Teacher Cadet Academy paves the way for careers in education

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It was a long road to the teaching profession for Kaylee Wiens, a Family and Consumer Science teacher at Faribault High School.

She’s entering her fifth year of teaching, but before that she earned a degree in business, worked in the banking industry for a while and owned her own business for 10 years. Once she decided she wanted to be a teacher, Wiens had to go back to school to get her license. Now, through the high school’s new Teacher Cadet Academy, Wiens is helping set up a smoother path to a career in education for Faribault juniors and seniors.

The full-year course, which Wiens teaches, gives students the chance to plan lessons, gain hands-on classroom experience working with students at a variety of grade levels, and receive mentorship from Faribault teachers, all while earning transferable college credits from Minnesota State University, Mankato.

“It’s an awesome way for kids to get college credits while staying in high school,” Wiens said. “College is expensive. It’s hard to go spend a lot of money on something when you’re not sure what you want to do. With this program, students will learn what teaching is all about.”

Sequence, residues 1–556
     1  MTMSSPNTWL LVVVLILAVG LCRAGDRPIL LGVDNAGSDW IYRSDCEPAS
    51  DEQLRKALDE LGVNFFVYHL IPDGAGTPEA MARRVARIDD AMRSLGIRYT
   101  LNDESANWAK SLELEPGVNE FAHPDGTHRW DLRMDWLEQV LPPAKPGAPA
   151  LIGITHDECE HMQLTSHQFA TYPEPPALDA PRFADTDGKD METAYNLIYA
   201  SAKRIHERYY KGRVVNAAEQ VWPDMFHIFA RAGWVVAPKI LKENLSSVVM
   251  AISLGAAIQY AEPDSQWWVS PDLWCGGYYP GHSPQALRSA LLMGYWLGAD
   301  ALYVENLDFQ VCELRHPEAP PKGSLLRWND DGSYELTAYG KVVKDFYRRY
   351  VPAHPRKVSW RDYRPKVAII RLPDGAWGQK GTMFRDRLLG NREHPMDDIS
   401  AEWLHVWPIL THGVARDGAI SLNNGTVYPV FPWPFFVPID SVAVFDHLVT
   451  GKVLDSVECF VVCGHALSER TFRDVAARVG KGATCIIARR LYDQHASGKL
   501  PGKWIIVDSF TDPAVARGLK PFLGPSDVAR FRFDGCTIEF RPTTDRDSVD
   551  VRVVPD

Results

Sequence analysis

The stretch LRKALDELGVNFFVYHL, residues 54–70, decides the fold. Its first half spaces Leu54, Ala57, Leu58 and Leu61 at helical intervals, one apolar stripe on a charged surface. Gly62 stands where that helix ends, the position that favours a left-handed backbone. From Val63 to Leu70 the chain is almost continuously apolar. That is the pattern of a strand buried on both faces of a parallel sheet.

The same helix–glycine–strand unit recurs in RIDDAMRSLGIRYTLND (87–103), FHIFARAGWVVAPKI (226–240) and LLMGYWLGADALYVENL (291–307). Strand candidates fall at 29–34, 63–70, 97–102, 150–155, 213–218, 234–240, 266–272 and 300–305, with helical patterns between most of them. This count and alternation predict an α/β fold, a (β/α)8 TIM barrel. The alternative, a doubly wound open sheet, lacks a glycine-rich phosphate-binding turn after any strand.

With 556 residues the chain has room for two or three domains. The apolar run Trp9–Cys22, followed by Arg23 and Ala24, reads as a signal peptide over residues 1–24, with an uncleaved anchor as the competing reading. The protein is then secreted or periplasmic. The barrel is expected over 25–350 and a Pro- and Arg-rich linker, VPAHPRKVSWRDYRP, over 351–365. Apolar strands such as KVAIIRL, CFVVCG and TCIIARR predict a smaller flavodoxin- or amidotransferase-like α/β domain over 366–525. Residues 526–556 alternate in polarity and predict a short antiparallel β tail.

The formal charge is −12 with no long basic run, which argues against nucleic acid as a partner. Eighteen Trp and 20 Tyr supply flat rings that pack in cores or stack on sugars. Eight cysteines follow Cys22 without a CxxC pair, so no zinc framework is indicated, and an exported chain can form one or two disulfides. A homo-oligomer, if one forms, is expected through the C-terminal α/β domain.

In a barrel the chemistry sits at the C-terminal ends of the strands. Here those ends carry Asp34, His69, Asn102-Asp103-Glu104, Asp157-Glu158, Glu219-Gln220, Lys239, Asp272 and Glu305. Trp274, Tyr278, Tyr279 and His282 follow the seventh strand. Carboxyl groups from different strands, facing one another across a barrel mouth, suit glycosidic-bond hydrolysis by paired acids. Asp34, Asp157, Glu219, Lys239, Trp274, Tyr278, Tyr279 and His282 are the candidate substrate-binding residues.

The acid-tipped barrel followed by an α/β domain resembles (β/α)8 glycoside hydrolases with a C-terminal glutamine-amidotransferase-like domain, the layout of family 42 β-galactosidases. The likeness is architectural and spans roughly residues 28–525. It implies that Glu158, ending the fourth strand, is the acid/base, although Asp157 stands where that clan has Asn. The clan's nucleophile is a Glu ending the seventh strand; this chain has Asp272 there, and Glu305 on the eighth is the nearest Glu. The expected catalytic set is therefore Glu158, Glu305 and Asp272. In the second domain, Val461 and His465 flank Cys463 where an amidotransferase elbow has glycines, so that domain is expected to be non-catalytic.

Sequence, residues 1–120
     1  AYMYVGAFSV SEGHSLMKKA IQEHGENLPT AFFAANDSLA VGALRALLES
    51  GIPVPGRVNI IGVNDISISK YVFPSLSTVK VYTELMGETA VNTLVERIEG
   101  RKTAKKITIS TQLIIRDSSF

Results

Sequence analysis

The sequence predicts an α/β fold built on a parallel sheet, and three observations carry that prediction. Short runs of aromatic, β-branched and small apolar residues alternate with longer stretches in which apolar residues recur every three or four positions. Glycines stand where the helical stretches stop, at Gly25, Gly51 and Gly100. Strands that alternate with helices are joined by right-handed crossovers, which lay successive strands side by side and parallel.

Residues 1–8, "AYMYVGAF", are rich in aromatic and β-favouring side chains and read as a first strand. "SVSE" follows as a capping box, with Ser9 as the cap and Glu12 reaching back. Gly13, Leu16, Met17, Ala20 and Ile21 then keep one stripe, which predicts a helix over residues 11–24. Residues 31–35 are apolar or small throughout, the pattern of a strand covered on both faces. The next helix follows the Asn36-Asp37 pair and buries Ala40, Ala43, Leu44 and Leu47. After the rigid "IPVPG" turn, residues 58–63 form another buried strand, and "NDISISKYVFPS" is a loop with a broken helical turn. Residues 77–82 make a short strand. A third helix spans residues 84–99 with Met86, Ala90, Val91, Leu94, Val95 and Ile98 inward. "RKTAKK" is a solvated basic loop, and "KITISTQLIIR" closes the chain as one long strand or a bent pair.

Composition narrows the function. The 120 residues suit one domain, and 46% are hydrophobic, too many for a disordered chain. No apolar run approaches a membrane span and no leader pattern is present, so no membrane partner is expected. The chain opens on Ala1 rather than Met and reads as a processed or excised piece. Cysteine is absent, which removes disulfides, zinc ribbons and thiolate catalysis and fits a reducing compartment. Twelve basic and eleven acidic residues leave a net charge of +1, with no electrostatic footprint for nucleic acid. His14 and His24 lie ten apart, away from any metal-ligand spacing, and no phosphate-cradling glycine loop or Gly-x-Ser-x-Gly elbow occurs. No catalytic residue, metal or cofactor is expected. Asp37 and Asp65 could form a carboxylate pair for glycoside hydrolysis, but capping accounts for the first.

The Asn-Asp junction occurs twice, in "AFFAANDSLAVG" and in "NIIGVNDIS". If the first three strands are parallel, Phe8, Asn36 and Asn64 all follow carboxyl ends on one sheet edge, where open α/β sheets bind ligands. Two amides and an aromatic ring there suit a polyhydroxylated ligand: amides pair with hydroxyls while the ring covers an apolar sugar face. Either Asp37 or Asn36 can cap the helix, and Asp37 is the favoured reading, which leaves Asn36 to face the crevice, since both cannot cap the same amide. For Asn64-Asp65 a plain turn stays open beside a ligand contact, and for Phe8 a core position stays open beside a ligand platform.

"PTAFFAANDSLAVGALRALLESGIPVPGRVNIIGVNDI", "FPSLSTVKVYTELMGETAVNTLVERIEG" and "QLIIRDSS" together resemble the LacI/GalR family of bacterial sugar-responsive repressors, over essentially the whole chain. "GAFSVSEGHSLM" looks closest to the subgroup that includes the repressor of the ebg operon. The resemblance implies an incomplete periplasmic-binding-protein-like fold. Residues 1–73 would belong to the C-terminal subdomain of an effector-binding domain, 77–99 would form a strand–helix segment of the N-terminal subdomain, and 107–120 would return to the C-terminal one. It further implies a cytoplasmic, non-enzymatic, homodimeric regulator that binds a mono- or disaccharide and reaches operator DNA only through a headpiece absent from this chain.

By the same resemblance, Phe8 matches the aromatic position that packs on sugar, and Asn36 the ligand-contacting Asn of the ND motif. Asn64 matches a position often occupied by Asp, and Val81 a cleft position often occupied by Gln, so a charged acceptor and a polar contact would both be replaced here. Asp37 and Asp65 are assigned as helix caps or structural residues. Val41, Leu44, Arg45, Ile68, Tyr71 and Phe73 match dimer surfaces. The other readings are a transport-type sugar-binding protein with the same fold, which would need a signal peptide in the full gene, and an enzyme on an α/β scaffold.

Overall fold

Wiens learned about the program at a conference last year and then attended a training seminar. Teacher Cadet Academy was added to the curriculum last summer and 13 students signed up at the start of the school year.

In addition to helping students save money, FHS principal Jamie Bente hopes the Teacher Cadet Academy will help address the statewide teacher shortage by enticing students to consider a career in education. He said he expects the program to grow in popularity over time and create the same kind of success stories that have come from the school’s National Automotive Technicians Education Foundation certification program and Business Academy.

“The biggest thing with these programs that have been successful for many, many years is that the students get internships, they get out there and they get to apply the curriculum in the real world,” Bente said. “With the Teacher Cadet program, in a full year the kids who want to be teachers can spend a portion of the year learning about teaching and still spend a decent amount of time in classrooms working with teachers and getting hands-on experience.”

Bente said that hand-on experience is also helpful for students who aren’t sure if a career in teaching is right for them.

“We want to help students find out what they do and don’t want to do while they’re in high school, to the best of our ability. We can do that by giving them the best taste of what a career in that field would look like,” he said. “We want them to walk out of FHS with a diploma in hand, knowing what they want to do.”

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